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Revisiting the Witches

(Part 1 of 2)

About a year before William Shakespeare’s birth, Queen Elizabeth I passed a law titled “An Act against Conjurations, Enchantments and Witchcrafts.” The law stipulated that using witchcraft to “kill or destroy” an individual was punishable by death. This law was a less severe version of one enacted by Elizabeth’s father: the Witchcraft Act, which essentially made witchcraft for any purpose a death sentence for the practitioner. No matter the intensity, the law’s mere existence implies a “regime of truth” about witchcraft in Elizabethan England. Witches were not tools used to scare young children or urban legends believed by a select few. For the Elizabethans, witchcraft was a real and dangerous threat, to the extent that multiple English monarchs felt the need to enact legislation targeting witchcraft. 

It can be hard in the modern era to wrap our heads around this. We exist in an environment where lots of information, especially information we take for granted, is verifiable with a staggering level of redundancy. Everything from genes to political systems is codified and generally understood, and while we don’t go through the work ourselves, there is an established trust in the truths of our lives. Witchcraft, at least in the way that Elizabethans pictured it, would not take hold as a popular belief today. After all, when we have video evidence, photos, articles, and accounts delivered in milliseconds over vast distances, it becomes more difficult for “the unknown” to dominate our imagination and fears.

But if you take a step back and imagine life in Elizabethan England, witchcraft’s solidification into the zeitgeist becomes far clearer. There are two main reasons why witchcraft (and indeed many other fictional concepts like sea monsters and men with faces on their chests) came to be considered fact. The first is the complete lack of information available to the average person in Elizabethan England. One generally had to take what they were given in terms of information about the unknown. Stories and concepts turned into a grotesque game of telephone as people relayed their experiences to others. Circumstances and fine detail became lost. This is how a description of a cotton plant by an Elizabethan explorer was later illustrated as a plant that sprouted live sheep, which was then taken as fact. The second reason is far simpler: life in the Renaissance was hard. While it was a scientific and humanistic revolution, the benefits were mostly conferred on wealthy men. For most of the population, uncertainty, hunger, disease, and death still dominated. With so much strife, it may have been easier to believe in the existence of the supernatural, especially if you could blame your failed crops on demonic intervention.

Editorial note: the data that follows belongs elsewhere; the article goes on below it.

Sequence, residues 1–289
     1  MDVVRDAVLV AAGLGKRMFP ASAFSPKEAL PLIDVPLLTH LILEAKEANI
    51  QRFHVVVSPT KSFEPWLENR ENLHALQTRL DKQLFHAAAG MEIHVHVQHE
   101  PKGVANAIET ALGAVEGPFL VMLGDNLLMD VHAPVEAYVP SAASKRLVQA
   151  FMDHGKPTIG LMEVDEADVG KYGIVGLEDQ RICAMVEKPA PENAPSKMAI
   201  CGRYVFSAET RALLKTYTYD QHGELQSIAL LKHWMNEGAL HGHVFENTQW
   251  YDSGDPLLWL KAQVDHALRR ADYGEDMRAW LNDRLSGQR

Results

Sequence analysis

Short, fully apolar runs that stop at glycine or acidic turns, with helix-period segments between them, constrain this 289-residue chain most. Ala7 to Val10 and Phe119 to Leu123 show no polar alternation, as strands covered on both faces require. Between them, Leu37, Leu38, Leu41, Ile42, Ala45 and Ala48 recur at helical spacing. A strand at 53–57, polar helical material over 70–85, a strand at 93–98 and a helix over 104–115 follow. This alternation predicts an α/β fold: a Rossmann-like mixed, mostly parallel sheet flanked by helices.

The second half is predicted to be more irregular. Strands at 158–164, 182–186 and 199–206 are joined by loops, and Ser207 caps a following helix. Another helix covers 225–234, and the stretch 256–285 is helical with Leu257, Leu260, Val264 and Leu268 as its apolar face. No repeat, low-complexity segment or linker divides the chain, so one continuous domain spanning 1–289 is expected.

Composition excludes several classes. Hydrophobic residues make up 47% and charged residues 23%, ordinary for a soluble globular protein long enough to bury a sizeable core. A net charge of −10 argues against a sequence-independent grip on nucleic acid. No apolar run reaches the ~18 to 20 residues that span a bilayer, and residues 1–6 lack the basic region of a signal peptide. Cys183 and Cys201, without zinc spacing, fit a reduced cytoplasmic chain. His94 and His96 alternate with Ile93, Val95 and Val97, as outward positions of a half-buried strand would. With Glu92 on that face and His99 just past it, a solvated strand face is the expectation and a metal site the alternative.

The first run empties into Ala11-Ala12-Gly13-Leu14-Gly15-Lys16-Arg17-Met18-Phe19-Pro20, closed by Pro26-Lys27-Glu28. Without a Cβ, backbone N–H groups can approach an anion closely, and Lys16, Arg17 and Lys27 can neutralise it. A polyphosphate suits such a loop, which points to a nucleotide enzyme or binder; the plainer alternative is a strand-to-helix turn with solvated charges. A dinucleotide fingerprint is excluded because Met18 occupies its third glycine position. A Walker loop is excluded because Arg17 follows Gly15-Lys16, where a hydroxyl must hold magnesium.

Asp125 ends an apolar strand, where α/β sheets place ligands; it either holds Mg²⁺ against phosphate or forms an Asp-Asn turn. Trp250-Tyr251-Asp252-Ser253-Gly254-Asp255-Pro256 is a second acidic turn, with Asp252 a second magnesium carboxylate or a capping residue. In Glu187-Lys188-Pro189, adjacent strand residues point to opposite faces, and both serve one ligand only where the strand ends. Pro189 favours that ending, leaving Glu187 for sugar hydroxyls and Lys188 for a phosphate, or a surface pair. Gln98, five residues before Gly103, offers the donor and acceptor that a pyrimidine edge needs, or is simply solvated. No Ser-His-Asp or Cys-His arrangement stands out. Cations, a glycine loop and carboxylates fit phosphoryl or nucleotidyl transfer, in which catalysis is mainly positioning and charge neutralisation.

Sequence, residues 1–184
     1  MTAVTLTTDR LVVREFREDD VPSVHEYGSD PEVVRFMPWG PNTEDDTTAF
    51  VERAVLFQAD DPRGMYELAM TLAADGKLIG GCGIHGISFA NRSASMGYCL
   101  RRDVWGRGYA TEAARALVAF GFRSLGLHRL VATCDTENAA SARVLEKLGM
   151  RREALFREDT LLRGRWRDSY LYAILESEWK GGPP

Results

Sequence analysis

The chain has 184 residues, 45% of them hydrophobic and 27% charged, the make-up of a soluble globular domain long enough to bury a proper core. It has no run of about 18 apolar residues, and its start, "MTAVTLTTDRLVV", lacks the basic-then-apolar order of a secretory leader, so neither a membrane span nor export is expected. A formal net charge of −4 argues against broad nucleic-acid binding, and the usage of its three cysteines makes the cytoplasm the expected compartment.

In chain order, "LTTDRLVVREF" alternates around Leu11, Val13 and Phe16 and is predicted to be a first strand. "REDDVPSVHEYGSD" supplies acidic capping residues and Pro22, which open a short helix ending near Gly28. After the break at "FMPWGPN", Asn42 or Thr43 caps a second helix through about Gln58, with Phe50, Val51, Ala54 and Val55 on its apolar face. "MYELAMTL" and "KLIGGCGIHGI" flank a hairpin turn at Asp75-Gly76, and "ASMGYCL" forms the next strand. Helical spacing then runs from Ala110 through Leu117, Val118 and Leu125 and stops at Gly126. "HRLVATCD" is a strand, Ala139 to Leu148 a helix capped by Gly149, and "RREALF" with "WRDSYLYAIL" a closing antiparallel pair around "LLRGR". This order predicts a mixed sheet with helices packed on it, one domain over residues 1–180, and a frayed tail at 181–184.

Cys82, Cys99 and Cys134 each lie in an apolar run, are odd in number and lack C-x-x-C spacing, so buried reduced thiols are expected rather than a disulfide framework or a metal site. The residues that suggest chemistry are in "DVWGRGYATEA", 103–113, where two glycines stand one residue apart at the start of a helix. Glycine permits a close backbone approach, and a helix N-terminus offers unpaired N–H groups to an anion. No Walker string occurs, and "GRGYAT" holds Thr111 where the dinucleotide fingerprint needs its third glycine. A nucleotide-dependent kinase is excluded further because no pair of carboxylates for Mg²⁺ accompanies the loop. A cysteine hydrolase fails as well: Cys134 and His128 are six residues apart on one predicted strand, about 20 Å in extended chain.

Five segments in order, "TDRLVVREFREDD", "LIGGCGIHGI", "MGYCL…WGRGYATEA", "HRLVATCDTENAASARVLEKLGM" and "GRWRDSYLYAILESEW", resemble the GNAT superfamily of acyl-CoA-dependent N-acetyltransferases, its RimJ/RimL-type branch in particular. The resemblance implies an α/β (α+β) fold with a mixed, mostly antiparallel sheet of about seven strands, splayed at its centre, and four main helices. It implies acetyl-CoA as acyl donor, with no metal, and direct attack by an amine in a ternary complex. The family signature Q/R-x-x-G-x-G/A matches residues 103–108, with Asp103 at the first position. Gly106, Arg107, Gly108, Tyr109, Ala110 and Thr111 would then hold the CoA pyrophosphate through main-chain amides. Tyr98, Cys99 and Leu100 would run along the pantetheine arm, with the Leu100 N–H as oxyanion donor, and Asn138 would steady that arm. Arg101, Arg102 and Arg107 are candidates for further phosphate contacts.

Whatever the combinations of reasons, witches were real for Elizabethans; no if’s, and’s or but’s. The Encyclopedia Britannica describes Western Society at the time as one that “believed in the reality of witches as much as modern society believes in the reality of molecules.” Not only did they believe in witches, but they were also terrified of them. Witches came to be personifications of all things evil, unnatural, and unknown, and when your “unknown” encompasses most of the world, that can be frightening; frightening enough that practicing witchcraft was outlawed by England’s rulers. It was even seen to be worse than other “natural” crimes, like murder or theft. James I, Elizabeth’s successor, argued for the allowance of a child witness in the trial of the Pendle Witches, something that was not normally allowed. He also wrote, “children, women, and liars can be witnesses over high treason against God.” There is a whole article’s worth of sexism to unpack here, but I’ll have to move on for now. The quote at its core shows that witchcraft was at a different echelon than other crimes, and Elizabethans seemed willing to do anything to punish it.

Around 1606 (only a few years after James I enacted his new, harsher anti-witch law), Macbeth is first performed at the Globe Theatre in London. Macbeth features three witches prominently. The show opens with their conversation. They serve as the main instigators of the story’s conflict and are also seen performing rituals and communing with Hecate (the Greek goddess of magic). While Macbeth is often portrayed as a flawed protagonist – a war hero who descends into madness and ravages his morals for the sake of power, the witches are more of a force than distinct characters. They represent chaos, unrest, and destruction.


Wesley Hayes, Student Ambassador at Stagepunch

Wesley Hayes

Wesley is a Student Ambassador at Stagepunch and a current History Major at Skidmore College with a background in the performing arts. Wesley is also an alumni of the New York Teen Shakespeare Intensive, a summer program run by the team behind Stagepunch.

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